4.  *Emma finds refuge in a "magical" land where she and her grandmother spent hours and hours.  She continues the love of writing that her grandma instilled in her.  Emma is surprised when she finds another writer adding to the story she is creating.

5.  *With the help of the "one" friend she has, Emma sets out to "puzzle" the pieces of her grandmother's early life and the secrets and people she left behind.

What I Thought Of It - Five Observations/Reflections:
1.  *This was the first book I read during my 2019 Christmas vacation and I couldn't think of a better one to begin with.  Ali Standish sure knows how to write a story.

2.  *I was drawn into Emma and her grandmother's world on page one.  I could feel the depth of their relationship and the special bond they held.

3.  *I've never read another middle-grade novel, and/or any book, that dealt with the topic within the pages of this book.  The plot was fresh, unique, and thought-provoking.

4.  *As a reader, I loved reading about the stories that Emma and her grandmother created and how these stories related to their own existence.

5.  *Ali's writing is solid.  She takes hold of the reader's heart and doesn't let go until the very last word.  Actually, the feelings, emotions, and connections go well beyond the last page.  I know I will be thinking of this story for quite some time; just as I did with the author's first two books.

Who Should Read It:
*EVERYONE!  This will make for an excellent and necessary story in all fourth, fifth, and sixth grade classrooms.  Whether you use it as a class read aloud and/or put in the hands of an individual reader, you can't go wrong.  If you have read either of her first two books, you MUST add this to your TBR list.  Happy Reading!

Rating:   5 STARS out of 5 Stars

An Inside Look #120 (Author INTERVIEW)

An Inside Look with Stacy McAnulty
(Author of The World Ends in April)

*During the summer of 2016, I added this feature to the blog which was called "Season #ONE".  This first season ran from June of 2016 to March of 2017.  

*I started up the interviews again in June of 2017.  It was great to get back to Season #TWO.  This season ran throughout the summer.  


*Season #THREE ran during the school year of 2017-2018.  

*The next season (season #FOUR) of interviews took place during the summer and fall of 2018.  With each interview I became more and more impressed with the authors I was having interactions with.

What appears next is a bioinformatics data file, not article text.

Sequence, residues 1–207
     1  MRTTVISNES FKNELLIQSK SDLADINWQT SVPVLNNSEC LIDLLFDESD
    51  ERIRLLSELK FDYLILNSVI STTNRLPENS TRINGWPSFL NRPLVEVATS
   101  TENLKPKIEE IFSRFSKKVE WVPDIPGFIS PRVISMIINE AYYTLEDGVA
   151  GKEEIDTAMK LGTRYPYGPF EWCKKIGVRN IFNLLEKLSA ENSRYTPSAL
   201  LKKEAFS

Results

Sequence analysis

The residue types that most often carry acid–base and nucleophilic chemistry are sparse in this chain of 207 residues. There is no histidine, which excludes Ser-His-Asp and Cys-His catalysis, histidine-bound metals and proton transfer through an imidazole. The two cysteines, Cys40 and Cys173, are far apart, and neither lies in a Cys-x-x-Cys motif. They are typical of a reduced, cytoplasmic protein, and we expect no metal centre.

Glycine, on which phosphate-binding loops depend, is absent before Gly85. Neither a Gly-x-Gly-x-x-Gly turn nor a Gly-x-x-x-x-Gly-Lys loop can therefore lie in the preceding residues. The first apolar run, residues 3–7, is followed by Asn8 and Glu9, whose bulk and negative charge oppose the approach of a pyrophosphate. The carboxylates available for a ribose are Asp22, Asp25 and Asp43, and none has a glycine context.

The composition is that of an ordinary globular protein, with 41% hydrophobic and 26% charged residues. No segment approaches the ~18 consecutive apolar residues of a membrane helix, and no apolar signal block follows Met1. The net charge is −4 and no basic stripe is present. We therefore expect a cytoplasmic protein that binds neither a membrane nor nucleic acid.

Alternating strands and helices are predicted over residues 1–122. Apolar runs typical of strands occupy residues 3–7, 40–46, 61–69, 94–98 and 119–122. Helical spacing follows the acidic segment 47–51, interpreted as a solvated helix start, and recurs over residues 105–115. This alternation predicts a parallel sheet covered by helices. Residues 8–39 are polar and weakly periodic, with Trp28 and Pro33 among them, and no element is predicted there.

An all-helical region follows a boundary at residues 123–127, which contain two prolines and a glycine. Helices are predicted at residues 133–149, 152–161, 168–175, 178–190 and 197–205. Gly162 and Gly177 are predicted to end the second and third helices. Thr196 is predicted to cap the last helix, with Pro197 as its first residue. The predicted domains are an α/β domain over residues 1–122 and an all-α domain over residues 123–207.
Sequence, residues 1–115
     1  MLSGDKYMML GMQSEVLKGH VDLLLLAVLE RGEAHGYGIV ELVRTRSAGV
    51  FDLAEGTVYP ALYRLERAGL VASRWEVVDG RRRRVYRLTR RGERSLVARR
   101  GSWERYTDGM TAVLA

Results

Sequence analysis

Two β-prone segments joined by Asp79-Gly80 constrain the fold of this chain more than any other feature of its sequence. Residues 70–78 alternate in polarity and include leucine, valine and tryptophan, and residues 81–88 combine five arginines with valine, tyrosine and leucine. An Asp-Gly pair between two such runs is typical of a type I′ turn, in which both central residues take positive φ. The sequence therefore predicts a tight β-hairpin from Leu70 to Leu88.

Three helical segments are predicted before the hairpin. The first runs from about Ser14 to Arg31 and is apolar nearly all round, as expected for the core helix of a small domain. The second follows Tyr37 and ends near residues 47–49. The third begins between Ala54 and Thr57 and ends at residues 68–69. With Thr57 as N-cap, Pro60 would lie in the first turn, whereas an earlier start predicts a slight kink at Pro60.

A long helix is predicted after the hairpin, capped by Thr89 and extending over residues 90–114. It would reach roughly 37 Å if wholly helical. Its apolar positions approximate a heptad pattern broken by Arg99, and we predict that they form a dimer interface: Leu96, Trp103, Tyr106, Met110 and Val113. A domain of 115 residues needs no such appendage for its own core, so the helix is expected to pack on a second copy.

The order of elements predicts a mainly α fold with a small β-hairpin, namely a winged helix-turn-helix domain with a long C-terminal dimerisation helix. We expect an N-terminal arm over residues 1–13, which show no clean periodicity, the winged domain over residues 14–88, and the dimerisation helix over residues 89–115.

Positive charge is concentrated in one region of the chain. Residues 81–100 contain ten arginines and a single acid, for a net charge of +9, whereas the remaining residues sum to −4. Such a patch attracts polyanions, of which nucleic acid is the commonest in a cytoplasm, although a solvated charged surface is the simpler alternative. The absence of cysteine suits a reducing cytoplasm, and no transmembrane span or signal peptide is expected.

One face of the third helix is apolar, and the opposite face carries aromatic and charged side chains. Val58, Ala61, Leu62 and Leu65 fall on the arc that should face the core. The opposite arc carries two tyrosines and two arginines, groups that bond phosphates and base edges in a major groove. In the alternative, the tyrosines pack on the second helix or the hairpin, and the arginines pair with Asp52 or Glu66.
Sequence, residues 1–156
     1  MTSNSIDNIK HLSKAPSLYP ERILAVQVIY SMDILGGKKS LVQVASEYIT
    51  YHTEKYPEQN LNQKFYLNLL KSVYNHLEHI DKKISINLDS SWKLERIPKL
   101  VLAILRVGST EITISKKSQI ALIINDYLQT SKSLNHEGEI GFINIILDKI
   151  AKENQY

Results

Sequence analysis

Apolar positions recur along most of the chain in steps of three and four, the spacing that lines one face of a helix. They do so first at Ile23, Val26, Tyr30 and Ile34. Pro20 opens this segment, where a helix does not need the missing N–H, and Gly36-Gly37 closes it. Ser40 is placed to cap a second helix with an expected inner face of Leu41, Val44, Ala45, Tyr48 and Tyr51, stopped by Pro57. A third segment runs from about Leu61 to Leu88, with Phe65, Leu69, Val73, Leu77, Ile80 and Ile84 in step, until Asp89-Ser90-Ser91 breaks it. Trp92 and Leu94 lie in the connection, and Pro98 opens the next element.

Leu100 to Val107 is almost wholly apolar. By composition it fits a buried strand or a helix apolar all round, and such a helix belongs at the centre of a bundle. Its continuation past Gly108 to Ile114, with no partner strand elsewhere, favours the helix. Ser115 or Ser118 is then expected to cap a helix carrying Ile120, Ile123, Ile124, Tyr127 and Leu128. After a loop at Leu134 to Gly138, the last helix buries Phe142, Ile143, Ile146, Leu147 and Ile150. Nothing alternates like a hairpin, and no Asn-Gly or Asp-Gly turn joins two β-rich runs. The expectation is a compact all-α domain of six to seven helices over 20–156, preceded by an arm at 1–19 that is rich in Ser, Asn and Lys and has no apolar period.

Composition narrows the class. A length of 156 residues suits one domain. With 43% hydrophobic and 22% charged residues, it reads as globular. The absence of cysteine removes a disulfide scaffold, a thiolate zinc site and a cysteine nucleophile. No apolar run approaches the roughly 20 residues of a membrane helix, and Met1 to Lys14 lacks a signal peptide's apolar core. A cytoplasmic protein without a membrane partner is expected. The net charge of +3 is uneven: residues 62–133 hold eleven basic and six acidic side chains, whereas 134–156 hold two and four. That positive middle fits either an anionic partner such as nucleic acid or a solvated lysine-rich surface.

*Season #FIVE ran during the 2018/2019 school year.  I took a little break at the start of June 2019.  

*During my summer 2019 vacation I continued a series of interviews in which I put under the heading of Season #SIX.

*To kick off my 29th year of teaching, I'm adding Season #SEVEN with a whole new season of authors, books, and interviews.  

*It has been such an honor to connect with authors and "chat" about their novel, characters, and thoughts about the story.

*This is the Seventeenth interview in which I'm calling Season #SEVEN.  

*Thank you to Stacy McAnulty for being the One-Hundred Twentieth author that I've had the pleasure of interviewing.  I truly appreciate it.  

*Here are links to the One Hundred Nineteen interviews…

SEASON #ONE (2016-2017)

SEASON #FOUR (Summer 2018)

SEASON #FIVE (2018/2019)

Interview #81 with Tony Abbott (Author of The Great Jeff)

Interview #82 with Susan Ross (Author of Searching for Lottie)

Interview #83 with Gillian McDunn (Author of Caterpillar Summer)

Interview #84 with Rebecca Ansari (Author of The Missing Piece of Charlie O'Reilly)

Interview #85 with Ali Standish (Author of August Isle)

Interview #86 with Shaun David Hutchinson (Author of The Past and Other Things That Should Stay Buried)

Interview #87 with Greg Howard (Author of The Whispers)

Interview #88 with Lynda Mullaly Hunt (Author of Shouting at the Rain)

Interview #89 with Lynda Mullaly Hunt (Author of One for the Murphys)

Interview #90 with Laurie Morrison (Author of Up for Air)

Interview #91 with Jody J. Little (Author of Mostly the Honest Truth)

SEASON #SIX (Summer 2019)

Interview #92 with John David Anderson (Author of Finding Orion)

Interview #93 with Lisa Thompson (Author of The Light Jar)

Interview #94 with Keith Calabrese (Author of A Drop of Hope)

Interview #95 with Alicia D. Williams (Author of Genesis Begins Again)

Interview #96 with Kim Ventrella (Author of Bone Hollow)

Interview #97 with Natalie Lloyd (Author of Over the Moon)

Interview #98 with Cynthia Lord (Author of Because of the Rabbit)

Interview #99 with Tina Athaide (Author of Orange for the Sunsets)

Interview #100 with Elly Swartz (Author of Give and Take)

Interview #101 with Amy Rebecca Tan (Author of A Kind of Paradise)

Interview #102 with Varsha Bajaj (Author of Count Me In)

Interview #103 with Laura Resau (Author of Tree of Dreams)

SEASON #SEVEN (2019/2020)

Interview #104 with Laurel Snyder (Author of My Jasper June)

Interview #105 with Lisa Bunker (Author of Zenobia July)

Interview #106 with Jasmine Warga (Author of Other Words for Home)

Interview #107 with Barbara Dee (Author of Maybe He Just Likes You)

Interview #108 with Graham Salisbury (Author of Banjo)

Interview #109 with Donna Gephart (Author of The Paris Project)

Interview #110 with Jake Burt (Author of The Tornado)